Thorney Close

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Thorney Close
Thorney Close, Sunderland.jpg
Thorndale Road, Thorney Close
Thorney Close is located in Tyne and Wear
Thorney Close
Thorney Close
Location within Tyne and Wear
Metropolitan borough
Metropolitan county
Sovereign stateUnited Kingdom
Postcode districtSR3
FireTyne and Wear
AmbulanceNorth East
UK Parliament
List of places
Tyne and Wear
54°52′58″N 1°25′54″W / 54.8828°N 1.4316°W / 54.8828; -1.4316Coordinates: 54°52′58″N 1°25′54″W / 54.8828°N 1.4316°W / 54.8828; -1.4316

Thorney Close is a suburb of Sunderland, Tyne and Wear in England.

It is located on the northern edge of the A690 (Durham Road), and borders with Grindon to the north and Herrington to the south, and the A19 to the west.

Work began on the council estate in 1947 and the first 77 houses were completed in 1948. In 1971 the population had risen to just under 14,000.[1] According to the 2001 Census, the population was 9,938, with 36.7% living in council houses.[2] In the 2011 Census the population was 11,125, as reported as part of the Sandhill ward.[3]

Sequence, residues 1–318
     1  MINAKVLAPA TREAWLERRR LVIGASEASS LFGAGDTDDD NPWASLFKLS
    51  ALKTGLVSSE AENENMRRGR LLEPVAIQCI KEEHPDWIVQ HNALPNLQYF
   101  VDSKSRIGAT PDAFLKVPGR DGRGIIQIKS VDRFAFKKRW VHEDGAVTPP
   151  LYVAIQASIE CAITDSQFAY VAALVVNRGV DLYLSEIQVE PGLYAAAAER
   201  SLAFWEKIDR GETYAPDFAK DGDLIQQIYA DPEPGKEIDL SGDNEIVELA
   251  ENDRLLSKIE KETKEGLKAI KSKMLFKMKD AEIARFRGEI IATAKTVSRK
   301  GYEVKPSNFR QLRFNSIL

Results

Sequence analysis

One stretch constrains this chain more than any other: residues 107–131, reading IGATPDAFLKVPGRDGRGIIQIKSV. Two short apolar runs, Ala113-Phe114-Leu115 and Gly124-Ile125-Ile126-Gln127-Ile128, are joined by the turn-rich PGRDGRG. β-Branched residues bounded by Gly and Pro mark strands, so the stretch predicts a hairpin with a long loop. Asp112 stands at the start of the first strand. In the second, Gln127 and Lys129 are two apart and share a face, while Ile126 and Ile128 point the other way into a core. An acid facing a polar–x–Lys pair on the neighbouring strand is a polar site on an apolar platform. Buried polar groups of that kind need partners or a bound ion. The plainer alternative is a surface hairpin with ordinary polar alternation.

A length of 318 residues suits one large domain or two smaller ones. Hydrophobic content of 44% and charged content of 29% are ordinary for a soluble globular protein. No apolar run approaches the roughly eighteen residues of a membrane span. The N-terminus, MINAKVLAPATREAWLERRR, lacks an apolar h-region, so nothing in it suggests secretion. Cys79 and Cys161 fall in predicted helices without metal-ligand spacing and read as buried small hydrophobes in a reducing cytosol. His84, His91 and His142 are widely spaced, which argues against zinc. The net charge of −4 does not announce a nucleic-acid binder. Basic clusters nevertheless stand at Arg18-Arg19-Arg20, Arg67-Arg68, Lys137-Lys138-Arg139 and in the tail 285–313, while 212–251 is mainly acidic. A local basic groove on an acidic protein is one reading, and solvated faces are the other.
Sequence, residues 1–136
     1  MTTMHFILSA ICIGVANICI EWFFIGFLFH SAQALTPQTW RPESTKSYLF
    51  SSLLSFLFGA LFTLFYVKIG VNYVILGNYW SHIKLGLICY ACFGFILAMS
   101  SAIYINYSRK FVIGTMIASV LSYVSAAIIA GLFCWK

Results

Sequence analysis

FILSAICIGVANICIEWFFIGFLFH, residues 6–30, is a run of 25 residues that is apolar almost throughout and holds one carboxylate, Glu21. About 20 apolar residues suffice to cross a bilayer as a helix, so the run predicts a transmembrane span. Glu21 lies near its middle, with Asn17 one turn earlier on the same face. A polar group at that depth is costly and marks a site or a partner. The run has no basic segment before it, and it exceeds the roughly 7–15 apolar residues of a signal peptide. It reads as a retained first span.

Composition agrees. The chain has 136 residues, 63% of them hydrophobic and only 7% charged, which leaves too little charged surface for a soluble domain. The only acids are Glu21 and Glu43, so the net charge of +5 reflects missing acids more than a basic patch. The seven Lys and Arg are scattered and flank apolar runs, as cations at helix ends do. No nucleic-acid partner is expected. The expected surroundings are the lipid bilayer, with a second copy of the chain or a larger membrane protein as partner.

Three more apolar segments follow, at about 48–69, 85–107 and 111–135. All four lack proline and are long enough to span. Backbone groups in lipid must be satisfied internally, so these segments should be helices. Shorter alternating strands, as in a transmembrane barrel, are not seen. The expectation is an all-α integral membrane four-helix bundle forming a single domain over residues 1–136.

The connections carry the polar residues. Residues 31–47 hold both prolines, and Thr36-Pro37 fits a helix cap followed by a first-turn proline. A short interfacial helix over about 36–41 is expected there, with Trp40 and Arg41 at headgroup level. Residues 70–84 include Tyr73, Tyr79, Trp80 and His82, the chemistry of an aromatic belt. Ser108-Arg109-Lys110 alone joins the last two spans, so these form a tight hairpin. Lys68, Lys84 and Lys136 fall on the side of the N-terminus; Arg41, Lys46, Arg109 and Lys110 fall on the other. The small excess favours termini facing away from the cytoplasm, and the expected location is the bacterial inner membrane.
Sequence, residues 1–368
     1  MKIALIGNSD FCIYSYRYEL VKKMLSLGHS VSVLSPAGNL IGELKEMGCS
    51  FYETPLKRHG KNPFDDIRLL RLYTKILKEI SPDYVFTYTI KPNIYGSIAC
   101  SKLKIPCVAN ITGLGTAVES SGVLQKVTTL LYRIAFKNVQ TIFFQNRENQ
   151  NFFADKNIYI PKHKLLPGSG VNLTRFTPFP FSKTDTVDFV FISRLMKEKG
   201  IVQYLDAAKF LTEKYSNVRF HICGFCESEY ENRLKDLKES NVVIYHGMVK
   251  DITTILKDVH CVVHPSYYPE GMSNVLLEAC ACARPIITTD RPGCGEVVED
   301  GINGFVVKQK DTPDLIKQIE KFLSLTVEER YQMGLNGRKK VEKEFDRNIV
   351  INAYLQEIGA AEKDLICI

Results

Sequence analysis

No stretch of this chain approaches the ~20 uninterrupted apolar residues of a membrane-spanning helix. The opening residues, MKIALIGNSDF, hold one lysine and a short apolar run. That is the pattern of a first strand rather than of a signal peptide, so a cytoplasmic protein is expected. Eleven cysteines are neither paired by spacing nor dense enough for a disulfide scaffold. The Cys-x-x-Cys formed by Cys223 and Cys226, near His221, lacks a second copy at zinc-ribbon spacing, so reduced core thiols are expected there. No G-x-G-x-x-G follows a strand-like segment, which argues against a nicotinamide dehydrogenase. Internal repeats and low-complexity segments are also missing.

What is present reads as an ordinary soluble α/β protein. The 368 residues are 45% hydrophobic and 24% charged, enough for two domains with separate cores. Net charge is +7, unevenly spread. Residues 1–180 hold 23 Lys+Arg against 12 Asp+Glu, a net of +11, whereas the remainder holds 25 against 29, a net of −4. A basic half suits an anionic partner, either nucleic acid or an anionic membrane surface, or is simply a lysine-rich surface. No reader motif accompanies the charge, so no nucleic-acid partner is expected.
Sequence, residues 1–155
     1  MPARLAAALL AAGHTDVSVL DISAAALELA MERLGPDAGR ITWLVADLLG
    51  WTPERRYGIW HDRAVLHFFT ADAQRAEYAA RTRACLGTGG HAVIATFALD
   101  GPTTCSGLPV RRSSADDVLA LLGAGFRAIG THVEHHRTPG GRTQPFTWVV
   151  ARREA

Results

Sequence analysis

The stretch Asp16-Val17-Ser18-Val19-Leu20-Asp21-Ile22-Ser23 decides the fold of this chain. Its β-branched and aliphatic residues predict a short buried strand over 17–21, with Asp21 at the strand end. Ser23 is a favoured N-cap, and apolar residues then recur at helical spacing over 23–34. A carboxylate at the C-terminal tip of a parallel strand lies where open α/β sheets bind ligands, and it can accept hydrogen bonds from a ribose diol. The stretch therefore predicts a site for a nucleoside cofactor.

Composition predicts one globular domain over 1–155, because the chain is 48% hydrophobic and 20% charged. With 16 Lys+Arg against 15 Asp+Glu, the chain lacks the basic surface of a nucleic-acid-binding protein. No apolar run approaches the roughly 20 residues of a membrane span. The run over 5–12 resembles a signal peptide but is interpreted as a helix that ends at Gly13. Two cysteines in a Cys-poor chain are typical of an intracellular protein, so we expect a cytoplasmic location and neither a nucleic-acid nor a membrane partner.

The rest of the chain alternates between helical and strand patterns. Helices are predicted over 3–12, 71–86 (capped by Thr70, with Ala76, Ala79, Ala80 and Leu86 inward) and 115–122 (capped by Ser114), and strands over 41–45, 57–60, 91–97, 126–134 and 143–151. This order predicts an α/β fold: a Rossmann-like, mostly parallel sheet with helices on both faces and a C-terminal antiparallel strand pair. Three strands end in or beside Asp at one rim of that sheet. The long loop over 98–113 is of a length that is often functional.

The estate has three shopping arcades, a community centre, one working men's club, a recently built residential home for the elderly, three Methodist churches, and two primary schools, and a secondary school which was rebuilt in 2003. The former secondary school site is host to the new school, community centre, the local branch library, which was moved from Grindon and a walk in health centre.

Most of the streets in Thorney Close begin with the letter "T". Such as, Telford Road, Twickenham Road, Thorney Close Road, Taunton Square & Tadcaster Road.


According to the Indices of Deprivation published by the Department of the Environment, Transport and the Regions in 2000, Thorney Close ranks worst of all twenty-five wards in Sunderland for Income, Employment (55th most deprived ward in England), and Child Poverty (147th most deprived ward in England). It is second most deprived ward in Sunderland overall, behind Southwick However locals do rank Pennywell, Hendon, Witherwack, Carley Hill, Redhouse etc. as areas of worse deprivation.

In Popular Culture[edit]

The estate was the feature location of a short-horror story "The Curse of Thorney Close" which embedded themes of poverty, crime and desperation into a tale of witchcraft in the area.[4][5]


  1. ^ "Diamond date for Thorney Close". Sunderland Echo. Archived from the original on 7 January 2007. Retrieved 16 January 2007.
  2. ^ "Thorney Close 2001 Census Ward Card" (PDF). Sunderland City Council. Archived from the original (PDF) on 27 September 2007. Retrieved 16 January 2007.
  3. ^ "Custom report (Sandhill Ward) - Nomis - Official Labour Market Statistics". Retrieved 3 October 2019.
  4. ^ Phantasmal Horror Stories: The Curse of Thorney Close
  5. ^ Sunderland's First Horror Story: The Curse of Thorney Close